Pubdate: Sun, 15 Apr 2007
Source: Tuscaloosa News, The (AL)
Copyright: 2007 The Tuscaloosa News
Author: Michael Phillips


Dear Editor: I am a 36-year-old man with an inoperable brain tumor,
which causes multiple grand mal seizures a day. I have been a patient
at Children's Hospital and the Kirklin Clinic since the age of 8. I
have had four unsuccessful brain surgeries.

I have been on every seizure medication known to mankind, as well as
some that never received the Federal Drug Administration's approval. A
few years ago, I saw a program on marijuana being used as a seizure
deterrent. I decided to try marijuana as a medicine, and I have had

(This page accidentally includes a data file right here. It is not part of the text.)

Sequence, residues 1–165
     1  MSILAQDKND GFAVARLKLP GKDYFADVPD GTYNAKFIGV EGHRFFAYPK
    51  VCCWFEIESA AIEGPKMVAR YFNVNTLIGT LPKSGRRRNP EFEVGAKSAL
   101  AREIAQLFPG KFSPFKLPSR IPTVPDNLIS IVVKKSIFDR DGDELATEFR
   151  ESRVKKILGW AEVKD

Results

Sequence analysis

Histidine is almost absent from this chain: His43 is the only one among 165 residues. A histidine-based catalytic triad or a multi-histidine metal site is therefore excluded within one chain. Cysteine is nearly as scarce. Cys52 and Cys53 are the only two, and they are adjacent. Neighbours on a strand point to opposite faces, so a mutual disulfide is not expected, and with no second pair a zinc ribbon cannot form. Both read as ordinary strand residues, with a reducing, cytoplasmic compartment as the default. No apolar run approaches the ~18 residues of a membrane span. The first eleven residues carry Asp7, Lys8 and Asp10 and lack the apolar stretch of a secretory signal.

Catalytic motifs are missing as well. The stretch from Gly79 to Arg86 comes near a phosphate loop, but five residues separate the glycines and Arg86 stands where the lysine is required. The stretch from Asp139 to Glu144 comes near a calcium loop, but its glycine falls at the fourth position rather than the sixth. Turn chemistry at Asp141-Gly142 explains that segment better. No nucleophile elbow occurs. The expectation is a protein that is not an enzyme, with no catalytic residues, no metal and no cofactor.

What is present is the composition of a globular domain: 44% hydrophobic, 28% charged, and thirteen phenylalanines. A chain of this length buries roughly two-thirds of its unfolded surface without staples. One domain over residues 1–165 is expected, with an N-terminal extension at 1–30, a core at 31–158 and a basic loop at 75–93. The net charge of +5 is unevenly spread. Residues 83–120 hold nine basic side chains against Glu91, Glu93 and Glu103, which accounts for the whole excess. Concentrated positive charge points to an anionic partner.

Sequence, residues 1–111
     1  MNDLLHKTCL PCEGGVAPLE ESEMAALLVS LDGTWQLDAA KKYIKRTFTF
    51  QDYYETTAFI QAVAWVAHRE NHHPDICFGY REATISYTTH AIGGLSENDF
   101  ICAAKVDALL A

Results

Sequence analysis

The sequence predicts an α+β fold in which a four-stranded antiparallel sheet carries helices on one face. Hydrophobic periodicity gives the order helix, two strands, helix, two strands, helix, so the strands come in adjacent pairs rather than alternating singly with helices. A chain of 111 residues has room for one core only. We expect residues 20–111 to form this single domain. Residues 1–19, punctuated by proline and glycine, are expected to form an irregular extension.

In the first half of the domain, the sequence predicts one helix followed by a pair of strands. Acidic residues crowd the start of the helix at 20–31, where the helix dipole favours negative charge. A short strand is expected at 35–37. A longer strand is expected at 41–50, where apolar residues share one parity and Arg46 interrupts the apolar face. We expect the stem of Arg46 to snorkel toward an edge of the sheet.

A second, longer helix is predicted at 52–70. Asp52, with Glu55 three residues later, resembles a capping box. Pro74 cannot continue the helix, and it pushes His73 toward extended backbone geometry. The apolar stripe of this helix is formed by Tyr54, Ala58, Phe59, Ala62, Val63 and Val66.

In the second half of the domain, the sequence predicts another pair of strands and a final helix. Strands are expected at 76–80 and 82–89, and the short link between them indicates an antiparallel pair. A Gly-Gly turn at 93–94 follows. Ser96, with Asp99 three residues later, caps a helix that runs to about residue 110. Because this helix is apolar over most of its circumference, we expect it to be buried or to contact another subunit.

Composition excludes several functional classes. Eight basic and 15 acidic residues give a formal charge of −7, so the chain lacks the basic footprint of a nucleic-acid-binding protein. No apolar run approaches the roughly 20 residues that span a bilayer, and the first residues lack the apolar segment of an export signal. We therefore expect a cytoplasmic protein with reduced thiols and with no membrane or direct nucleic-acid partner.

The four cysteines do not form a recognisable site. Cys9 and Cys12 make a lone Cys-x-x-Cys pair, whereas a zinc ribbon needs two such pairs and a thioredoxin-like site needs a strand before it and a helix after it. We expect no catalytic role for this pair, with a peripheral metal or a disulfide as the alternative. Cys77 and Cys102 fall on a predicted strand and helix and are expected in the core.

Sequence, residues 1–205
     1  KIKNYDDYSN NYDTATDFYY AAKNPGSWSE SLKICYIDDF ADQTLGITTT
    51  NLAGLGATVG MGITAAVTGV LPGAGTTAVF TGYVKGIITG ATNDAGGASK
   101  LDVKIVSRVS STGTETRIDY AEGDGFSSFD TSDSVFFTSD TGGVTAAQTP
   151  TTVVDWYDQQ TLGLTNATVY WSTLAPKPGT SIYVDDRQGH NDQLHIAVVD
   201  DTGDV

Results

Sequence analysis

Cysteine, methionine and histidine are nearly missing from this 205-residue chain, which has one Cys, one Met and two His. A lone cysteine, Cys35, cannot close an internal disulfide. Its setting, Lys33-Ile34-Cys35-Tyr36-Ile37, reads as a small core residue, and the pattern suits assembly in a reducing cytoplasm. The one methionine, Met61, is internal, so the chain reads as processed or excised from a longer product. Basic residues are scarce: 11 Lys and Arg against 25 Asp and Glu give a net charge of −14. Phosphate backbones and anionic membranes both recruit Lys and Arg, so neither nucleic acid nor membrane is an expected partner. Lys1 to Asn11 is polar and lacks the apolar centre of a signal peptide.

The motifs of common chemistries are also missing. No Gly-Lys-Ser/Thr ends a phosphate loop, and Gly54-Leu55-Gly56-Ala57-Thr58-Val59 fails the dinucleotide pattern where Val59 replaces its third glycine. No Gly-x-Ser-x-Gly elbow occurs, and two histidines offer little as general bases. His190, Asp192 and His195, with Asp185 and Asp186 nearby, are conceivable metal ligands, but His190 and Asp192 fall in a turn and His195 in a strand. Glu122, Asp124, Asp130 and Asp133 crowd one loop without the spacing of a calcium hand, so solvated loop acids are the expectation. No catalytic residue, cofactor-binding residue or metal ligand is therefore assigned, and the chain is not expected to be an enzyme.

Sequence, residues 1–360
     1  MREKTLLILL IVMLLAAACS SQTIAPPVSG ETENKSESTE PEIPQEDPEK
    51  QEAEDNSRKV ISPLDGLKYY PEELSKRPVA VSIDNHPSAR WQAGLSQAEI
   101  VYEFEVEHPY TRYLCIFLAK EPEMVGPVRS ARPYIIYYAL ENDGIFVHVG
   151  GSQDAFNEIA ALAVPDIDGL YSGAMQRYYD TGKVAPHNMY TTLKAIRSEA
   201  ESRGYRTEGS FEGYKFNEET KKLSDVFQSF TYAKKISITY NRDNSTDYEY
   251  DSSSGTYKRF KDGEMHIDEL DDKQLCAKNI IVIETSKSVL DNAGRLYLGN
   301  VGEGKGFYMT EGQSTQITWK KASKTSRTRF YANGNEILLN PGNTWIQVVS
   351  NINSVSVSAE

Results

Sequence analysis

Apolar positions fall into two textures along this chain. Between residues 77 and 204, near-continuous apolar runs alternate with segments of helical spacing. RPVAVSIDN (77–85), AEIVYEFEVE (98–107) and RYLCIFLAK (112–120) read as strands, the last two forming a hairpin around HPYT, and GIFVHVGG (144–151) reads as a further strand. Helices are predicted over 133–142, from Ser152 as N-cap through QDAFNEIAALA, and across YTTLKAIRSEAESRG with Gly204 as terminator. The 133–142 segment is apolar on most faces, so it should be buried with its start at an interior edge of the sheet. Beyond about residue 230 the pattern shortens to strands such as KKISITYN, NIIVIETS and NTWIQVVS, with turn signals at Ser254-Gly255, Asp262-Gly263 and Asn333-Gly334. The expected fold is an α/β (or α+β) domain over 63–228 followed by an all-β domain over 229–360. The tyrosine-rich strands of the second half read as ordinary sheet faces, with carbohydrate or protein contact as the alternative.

better results using marijuana in its natural form than from any other
treatment in my life. My seizures have decreased from six to eight per
day to one every six to eight weeks. My neurologists have documented
this in my medical records.

I have also been arrested twice for possession of marijuana. It caused
me great hardship both on a psychological level and a monetary level.
I wondered then, as I do now, why people in 12 U.S. states are treated
like patients and allowed access to medical marijuana, but here in
Alabama I am treated like a criminal for trying to treat my illness?

There is a bill before the House Judiciary Committee to protect
physicians who recommend marijuana to their patients for certain
illnesses like cancer, multiple sclerosis, HIV/AIDS and seizures, and
the patients, like me, who use it as medicine from being prosecuted
under state law. Please call your elected officials and tell them to
vote yes on HB206 the Compassionate Care Act.

Michael Phillips